The initial circumstantial evidence suggests that the opposite is more likely—that bin Laden was effectively being housed under Pakistani state control. Pakistan will deny this, it seems safe to predict, and perhaps no convincing evidence will ever surface to prove the case. If I were a prosecutor at the United States Department of Justice, however, I would be tempted to call a grand jury. Who owned the land on which the house was constructed? How was the land acquired, and from whom? Who designed the house, which seems to have been purpose-built to secure bin Laden? Who was the general contractor? Who installed the security systems? Who worked there? Are there witnesses who will now testify as to who visited the house, how often, and for what purpose? These questions are not relevant only to the full realization of justice for the victims of September 11th. They are also relevant to the victims of terrorist attacks conducted or inspired by bin Laden while he lived in the house, and these include many Pakistanis, as well as Afghans, Indians, Jordanians, and Britons. They are rightly subjects of American criminal law.
Shuja Nawaz, director of the South Asia Center at the Atlantic Council, is more cautious:
“Over the years, I’ve repeatedly made clear that we would take action within Pakistan if we knew where bin Laden was. That is what we’ve done. But it’s important to note that our counterterrorism cooperation with Pakistan helped lead us to bin Laden and the compound where he was hiding. Indeed, bin Laden had declared war against Pakistan as well, and ordered attacks against the Pakistani people.”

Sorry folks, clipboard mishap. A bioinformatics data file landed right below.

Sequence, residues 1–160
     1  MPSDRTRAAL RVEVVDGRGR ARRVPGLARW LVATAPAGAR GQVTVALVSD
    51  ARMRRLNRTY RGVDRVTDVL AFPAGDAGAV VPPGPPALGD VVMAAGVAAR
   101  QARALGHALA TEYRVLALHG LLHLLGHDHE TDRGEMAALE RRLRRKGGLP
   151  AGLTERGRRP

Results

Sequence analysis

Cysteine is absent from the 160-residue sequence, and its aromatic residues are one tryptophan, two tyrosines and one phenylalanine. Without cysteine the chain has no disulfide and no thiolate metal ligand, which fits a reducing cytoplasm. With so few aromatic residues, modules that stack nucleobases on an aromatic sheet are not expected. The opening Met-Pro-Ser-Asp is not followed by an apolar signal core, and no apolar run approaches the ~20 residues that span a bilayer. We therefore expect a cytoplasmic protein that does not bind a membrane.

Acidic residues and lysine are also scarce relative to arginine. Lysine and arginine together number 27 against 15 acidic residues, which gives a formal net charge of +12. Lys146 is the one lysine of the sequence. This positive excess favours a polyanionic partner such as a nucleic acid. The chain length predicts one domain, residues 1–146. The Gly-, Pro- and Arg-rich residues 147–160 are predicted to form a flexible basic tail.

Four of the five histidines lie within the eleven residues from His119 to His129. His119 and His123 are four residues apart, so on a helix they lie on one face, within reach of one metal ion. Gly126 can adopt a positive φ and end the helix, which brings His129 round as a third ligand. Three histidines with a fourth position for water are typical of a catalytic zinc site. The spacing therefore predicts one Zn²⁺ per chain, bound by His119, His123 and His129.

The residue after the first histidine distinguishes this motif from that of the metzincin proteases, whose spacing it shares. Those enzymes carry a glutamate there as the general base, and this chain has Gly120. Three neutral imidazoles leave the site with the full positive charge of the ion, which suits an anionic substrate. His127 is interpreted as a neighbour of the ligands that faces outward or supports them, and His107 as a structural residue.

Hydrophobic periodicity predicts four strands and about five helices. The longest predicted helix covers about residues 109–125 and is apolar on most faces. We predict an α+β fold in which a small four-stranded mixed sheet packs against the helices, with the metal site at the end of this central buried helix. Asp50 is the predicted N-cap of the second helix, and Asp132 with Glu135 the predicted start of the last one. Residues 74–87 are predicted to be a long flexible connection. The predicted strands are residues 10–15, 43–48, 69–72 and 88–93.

With those words, President Barack Obama acknowledged Pakistan’s role in the killing of Osama bin Laden in Abbottabad, a military cantonment, in a house that lay half a mile or so from the Pakistan Military Academy. It is unclear why, if Pakistani intelligence had the leads, it would not or could not follow up itself and do the job.
At a time when United States-Pakistan relations are going south in a hurry over aid, Afghanistan, and U.S. intelligence operations inside Pakistan, bin Laden’s death leaves more questions on the table than answers. How could four U.S. helicopters operate some 120 miles inside Pakistani territory and three of them exit without being detected? Were they allowed to do so? And by whom? Or was it Pakistan’s inability to intercept them that allowed the U.S. raid to proceed without a hitch? Clearly the civilian government was first informed when President Obama spoke with President Asif Ali Zardari after the operation was over. If Zardari’s military was in the know, and he was not, this speaks volumes about the internal distrust within Pakistan’s establishment. So far, it appears the United States kept the Pakistan military in the dark. What may be more troubling for the U.S. side is the likelihood that elements of the Pakistani establishment were aware of bin Laden’s presence in Abbottabad and kept it hidden. However remote a possibility this may seem, this question will be asked in Washington D.C. in the weeks to come.
One problem with the Westphalian system is that it’s based on a modern, Western conception of the nation-state. And, alas, Pakistan is simply not a state in the sense as France. Large parts of its ostensible territory are not even remotely under the control of the central government. And, even if Zardari is a true ally, he doesn’t truly run his own government. Even the Pakistani military and intelligence elites are divided, with double games being run inside double games.
We’ve long known that Pakistan is an unreliable ally. And, truth be told, they’ve got longstanding reason to say the same for us–even as we pour billions into their economy.
But large segments of the Pakistan governance and security apparatus is beyond unreliable; they’re actually on the other side. And, yet, other parts are actively killing our enemies and providing invaluable intelligence. Without them, we’d literally have no idea how to tell the al Qaeda and Taliban operatives from the peaceful locals. It’s a dangerous, ridiculous game and I haven’t come across anyone yet who has a satisfying explanation as to how to win it.